EMA Approves Moderna’s COVID-19 Vaccine – US Experts Examine Halving Doses To Extend Supplies  
US experts are considering whether vaccine doses can be halved, maintaining effectivity while extending supply.

The European Medicines Agency (EMA), the EU drug regulator, recommended issuing a conditional marketing authorization for Moderna’s COVID-19 vaccine, which follows the authorization of the Pfizer-BioNTech vaccine in late December. 

“This vaccine provides us with another tool to overcome the current emergency,” Emer Cooke, Executive Director of EMA, said in the press release. “It is a testament to the efforts and commitment of all involved that we have this second positive vaccine recommendation just short of a year since the pandemic was declared by WHO.” 

The European Commission is expected to grant the vaccine authorization in the coming days. The Moderna vaccine has already been authorized and rolled out in the US, Canada, and Israel. 

The EMA has received criticism for its delay in reviewing the AstraZeneca-University of Oxford vaccine, which has been approved in Britain and India. The drug company has reportedly already submitted its data to the EMA for a conditional marketing authorization as part of the ongoing rolling review process.

US Experts Consider Administering Half Doses of Moderna Vaccine

Meanwhile, in the US, officials at the National Institutes of Health, in collaboration with Moderna, were examining whether vaccine doses can be halved while maintaining their effectiveness, in an effort to extend vaccine supplies.

The prospect of changing the dosing regimen was raised by Moncef Slaoui, head of the US Operation Warp Speed, in an interview with CBS “Face the Nation” on Sunday. 

“We know [a 50-microgram half dose] induces identical immune responses to the 100-microgram doses, therefore we are in discussions with Moderna and with the FDA – ultimately it will be an FDA decision – to accelerate by injecting half the volume,” said Slaoui. 

According to Moderna’s Phase II clinical trial data submitted to the US Food and Drug Administration (FDA), the immune responses between the full dose and half dose among participants aged 18 to 55 were comparable when maintained on the schedule with a 28 day interval. 

The research could continue for at least two months, according to John Mascola, director of the Vaccine Research Center at the NIH. “It’s important to do these analyses that we’re doing, and have all that data in our pocket in the event that there’s a need to use it,” he said in an interview with the New York Times on Tuesday.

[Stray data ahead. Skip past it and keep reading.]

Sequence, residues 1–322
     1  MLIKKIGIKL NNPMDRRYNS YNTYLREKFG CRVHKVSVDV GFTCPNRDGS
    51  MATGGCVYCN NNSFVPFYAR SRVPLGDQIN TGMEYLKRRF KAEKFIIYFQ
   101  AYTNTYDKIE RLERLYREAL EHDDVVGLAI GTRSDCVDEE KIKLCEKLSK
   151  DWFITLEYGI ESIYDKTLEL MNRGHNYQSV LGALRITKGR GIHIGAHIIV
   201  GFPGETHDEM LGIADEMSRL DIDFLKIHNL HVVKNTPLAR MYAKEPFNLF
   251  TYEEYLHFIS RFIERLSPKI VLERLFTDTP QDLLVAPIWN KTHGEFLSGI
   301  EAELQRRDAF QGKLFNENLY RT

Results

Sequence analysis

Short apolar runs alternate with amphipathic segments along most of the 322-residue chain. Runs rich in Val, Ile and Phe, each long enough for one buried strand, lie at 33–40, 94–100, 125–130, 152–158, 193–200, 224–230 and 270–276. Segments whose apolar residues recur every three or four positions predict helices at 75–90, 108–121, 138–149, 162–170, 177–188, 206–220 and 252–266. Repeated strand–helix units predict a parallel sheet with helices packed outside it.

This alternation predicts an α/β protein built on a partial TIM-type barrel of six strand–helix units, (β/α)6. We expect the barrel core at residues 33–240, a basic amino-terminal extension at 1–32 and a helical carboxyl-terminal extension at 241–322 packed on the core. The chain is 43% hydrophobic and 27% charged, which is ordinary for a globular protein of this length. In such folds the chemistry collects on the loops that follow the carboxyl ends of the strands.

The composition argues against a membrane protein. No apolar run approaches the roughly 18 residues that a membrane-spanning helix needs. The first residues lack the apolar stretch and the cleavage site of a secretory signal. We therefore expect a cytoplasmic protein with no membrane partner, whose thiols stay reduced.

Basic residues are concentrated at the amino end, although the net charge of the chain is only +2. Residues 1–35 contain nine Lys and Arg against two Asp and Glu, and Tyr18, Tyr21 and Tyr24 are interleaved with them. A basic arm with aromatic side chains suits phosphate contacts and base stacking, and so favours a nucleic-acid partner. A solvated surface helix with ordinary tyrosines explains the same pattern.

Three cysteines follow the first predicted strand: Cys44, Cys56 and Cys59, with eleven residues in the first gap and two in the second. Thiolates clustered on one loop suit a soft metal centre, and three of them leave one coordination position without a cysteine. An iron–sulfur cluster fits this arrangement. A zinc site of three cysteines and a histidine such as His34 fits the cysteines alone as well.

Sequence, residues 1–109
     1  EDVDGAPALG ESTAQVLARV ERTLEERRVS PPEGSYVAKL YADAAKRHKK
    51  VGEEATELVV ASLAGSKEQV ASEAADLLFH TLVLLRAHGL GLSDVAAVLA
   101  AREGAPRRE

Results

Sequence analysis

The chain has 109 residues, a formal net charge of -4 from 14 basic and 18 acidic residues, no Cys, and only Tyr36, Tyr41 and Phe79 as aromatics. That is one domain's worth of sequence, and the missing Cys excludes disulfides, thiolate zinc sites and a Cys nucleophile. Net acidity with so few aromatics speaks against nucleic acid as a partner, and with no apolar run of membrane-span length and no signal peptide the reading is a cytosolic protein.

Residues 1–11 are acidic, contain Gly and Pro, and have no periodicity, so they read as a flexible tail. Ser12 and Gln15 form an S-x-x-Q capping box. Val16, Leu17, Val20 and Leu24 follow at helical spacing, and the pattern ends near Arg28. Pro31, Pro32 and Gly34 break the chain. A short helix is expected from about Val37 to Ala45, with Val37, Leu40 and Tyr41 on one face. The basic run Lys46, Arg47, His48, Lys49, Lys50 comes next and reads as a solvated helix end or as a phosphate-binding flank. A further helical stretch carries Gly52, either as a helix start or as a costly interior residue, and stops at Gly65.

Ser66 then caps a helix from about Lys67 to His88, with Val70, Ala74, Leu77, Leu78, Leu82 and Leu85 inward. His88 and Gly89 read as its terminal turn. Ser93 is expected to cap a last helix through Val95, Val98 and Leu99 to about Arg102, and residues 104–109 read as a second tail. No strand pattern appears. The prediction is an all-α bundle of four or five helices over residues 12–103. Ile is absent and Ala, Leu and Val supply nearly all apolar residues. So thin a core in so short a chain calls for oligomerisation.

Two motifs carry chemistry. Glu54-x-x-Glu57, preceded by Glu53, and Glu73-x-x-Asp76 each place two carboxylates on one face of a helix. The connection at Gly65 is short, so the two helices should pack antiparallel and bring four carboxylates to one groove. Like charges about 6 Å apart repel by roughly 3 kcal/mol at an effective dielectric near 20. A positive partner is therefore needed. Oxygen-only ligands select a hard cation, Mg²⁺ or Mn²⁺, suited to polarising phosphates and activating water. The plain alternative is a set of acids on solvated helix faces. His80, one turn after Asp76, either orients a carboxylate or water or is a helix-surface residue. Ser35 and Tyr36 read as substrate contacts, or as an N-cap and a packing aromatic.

The US FDA pushes back against the UK policy decision of extending the interval between the first and second dose of the Pfizer vaccine.
US Food and Drug Administration Pushes Back Against UK Plans To Extend Interval Between Pfizer doses

The FDA, the agency responsible for any changes to vaccine dosing or schedules, issued a strongly worded statement on Monday night, pushing back against a recent UK policy decision permitting an extension of the interval between the first and second dose of the Pfizer vaccine upon – and in some cases, even a mix and match vaccines. 

“These are all reasonable questions to consider and evaluate in clinical trials. However, at this time, suggesting changes to the FDA-authorized dosing or schedules of these vaccines is premature and not rooted solidly in the available evidence,” said Stephen Hahn, FDA Commissioner, in the statement. 

“Without appropriate data supporting such changes in vaccine administration, we run a significant risk of placing public health at risk, undermining the historic vaccination efforts to protect the population from COVID-19.”

Germany Also Decides Against Delaying Second COVID-19 Dose

Germany also decided to stick to the standard vaccination regimen proposed by Pfizer and BioNTech, after considering following the lead of Britain to delay the administration of the second dose. 

The German independent expert panel advised against making changes to the regimen without sufficient evidence. 

“My impression is that it makes a lot of sense, especially with these sensitive issues, where trust and reliability are important, that we stick to the approval,” said German health minister Jens Spahn at a press conference on Wednesday.

Image Credits: Tanveer Shaikh/Flickr, Bret Bostock/Flickr.

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